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Vintage Emily Carr

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Her paintings sell for upward of $500,000 and the pottery she used to sell as trinkets for 50 cents now sell for about $5,000. Schools, libraries, parks, streets and even stamps bear her name. Three books about her have been published this year alone. Yet to some in Victoria, Emily Carr will always be the crazy lady in James Bay with the monkey.

Earlier this summer, Victoria's Royal British Columbia Museum opened "Emily Carr: Eccentric, Artist, Author, Genius," a comprehensive exhibit presenting an exhaustive look at one of Canada's best known artists. Among the 80-odd framed paintings, pottery loaned from rock star Bryan Adam's personal collection, and photos of Carr at work, is a life-size recreation of "The Elephant," the caravan used by Carr for her painting and writing trips into the wilds of south Vancouver Island.

Four totem poles that historians believe Carr would have encountered on her travels to First Nations villages have been loaned to the museum and form a centrepiece.

But the items creating the greatest interest among museum-goers are Carr's personal effects – family photos, cartoons, travel journals and letters to friends and fellow artists like Group of Seven member, Lawren Harris. Many of the artifacts displayed in the 16 showcases are on show for the first time and have reduced some visitors to tears, according to Kathryn Bridge of B.C. Archives and the curatorial chairwoman of the exhibit.

"There is something about what she (Carr) has to say that still resonates," says Bridge. "She transcends time and generations and hits people. She argues with herself in her journals and people suck up that stuff today.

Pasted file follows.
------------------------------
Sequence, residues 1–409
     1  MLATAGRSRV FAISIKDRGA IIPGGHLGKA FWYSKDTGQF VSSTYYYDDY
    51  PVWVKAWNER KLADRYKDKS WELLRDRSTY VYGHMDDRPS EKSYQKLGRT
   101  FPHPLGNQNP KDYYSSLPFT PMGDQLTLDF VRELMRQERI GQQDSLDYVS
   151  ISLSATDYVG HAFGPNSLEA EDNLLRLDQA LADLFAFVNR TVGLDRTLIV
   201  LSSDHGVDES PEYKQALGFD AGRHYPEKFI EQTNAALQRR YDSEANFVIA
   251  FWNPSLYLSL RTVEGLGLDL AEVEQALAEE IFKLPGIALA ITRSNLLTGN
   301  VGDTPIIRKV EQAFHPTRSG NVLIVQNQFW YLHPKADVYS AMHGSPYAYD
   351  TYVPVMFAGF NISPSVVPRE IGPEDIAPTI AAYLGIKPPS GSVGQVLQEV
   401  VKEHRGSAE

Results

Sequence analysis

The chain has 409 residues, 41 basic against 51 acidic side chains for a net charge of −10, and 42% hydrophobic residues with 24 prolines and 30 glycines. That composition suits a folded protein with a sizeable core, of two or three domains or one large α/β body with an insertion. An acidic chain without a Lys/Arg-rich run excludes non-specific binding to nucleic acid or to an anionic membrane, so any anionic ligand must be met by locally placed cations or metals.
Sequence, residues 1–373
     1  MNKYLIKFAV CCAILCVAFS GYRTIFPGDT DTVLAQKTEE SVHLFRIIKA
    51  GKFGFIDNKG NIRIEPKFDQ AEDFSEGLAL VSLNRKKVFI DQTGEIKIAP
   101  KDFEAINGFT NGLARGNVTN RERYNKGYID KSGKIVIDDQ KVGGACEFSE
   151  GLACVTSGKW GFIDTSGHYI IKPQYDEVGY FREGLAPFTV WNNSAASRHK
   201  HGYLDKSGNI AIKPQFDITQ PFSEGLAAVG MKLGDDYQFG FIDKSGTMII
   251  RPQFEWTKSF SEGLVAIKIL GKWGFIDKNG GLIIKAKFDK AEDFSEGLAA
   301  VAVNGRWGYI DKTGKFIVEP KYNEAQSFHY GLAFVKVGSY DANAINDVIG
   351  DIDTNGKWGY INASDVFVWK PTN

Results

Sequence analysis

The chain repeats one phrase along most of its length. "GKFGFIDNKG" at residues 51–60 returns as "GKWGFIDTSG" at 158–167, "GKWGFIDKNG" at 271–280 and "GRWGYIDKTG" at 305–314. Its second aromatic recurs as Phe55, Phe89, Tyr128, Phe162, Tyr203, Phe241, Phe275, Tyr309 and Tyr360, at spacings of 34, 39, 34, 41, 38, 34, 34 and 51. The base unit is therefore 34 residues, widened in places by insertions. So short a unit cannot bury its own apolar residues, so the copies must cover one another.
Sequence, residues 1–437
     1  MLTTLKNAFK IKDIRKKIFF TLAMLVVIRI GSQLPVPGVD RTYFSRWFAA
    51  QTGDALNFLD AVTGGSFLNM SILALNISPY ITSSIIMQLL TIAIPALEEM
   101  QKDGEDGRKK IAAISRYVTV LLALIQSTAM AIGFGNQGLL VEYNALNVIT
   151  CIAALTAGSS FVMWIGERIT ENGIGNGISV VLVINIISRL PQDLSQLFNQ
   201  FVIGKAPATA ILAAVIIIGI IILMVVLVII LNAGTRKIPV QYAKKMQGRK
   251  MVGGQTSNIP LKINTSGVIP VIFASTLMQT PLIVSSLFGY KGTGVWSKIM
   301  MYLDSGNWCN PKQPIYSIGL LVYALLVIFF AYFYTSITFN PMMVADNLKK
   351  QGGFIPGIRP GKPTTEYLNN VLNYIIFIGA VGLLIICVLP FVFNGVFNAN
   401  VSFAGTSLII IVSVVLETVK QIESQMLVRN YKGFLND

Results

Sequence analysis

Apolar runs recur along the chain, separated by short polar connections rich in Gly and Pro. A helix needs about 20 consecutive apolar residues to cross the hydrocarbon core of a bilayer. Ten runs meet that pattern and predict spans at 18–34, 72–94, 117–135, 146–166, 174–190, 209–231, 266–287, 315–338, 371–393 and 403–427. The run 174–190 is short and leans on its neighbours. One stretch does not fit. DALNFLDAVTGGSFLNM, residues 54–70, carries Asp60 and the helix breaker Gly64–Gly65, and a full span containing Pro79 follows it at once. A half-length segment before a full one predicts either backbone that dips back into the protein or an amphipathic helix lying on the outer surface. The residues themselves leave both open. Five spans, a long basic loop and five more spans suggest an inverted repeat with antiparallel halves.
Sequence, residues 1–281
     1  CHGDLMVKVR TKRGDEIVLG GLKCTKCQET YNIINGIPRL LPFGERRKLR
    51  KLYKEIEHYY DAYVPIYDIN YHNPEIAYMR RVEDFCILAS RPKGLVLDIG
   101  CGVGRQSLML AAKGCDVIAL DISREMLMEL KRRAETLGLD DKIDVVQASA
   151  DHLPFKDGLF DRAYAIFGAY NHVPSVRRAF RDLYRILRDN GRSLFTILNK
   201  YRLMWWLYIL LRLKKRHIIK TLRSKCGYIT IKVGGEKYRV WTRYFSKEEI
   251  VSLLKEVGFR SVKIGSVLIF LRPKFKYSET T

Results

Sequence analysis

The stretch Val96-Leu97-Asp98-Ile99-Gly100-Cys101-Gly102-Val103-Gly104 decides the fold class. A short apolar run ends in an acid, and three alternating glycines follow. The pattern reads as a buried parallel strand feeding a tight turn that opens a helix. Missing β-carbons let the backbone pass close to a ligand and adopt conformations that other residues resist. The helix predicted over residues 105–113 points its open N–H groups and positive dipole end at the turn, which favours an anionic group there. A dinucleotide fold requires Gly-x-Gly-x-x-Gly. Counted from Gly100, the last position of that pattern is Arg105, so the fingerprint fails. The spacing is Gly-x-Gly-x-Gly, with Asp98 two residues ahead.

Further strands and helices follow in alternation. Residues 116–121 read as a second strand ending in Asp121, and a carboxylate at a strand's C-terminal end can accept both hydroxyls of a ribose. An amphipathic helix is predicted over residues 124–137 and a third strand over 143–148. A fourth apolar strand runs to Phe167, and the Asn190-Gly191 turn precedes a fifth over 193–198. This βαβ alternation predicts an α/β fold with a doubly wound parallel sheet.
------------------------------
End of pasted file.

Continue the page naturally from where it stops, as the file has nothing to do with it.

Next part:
"Despite the datedness of some of it and the lack of political correctness, it's usually the writing people cry at."

Bridge has noticed men transfixed by Carr's diaries, and spotted three teenage boys reading one 1905 article out loud to each other. Here's a sample of the self-doubt that pervades much of the correspondence. In a letter to close friend and literary executor Ira Dilworth, in 1940, Carr writes: "Here's the m.s. (manuscript) – another disappointment. I always think they are going to be better than they are and when they are not I'm sore. Words on paper show up all the slovenliness and ignorance so very plainly."

A year later, Carr won the Governor General's award for her first book, Klee Wyck, which means "laughing one" – the name given to her by the Nuu-Chah-nulth some 40 years before.

In another letter to close friend Willie Newcombe at the end of her life, Carr is in a melancholy mood. Leaving Newcombe a trunk of what remains of her life's work – a trunk that accompanied her to San Francisco in 1890, the United Kingdom in 1899 and Alaska in 1907 – Carr suggests a clinical method of disposal.

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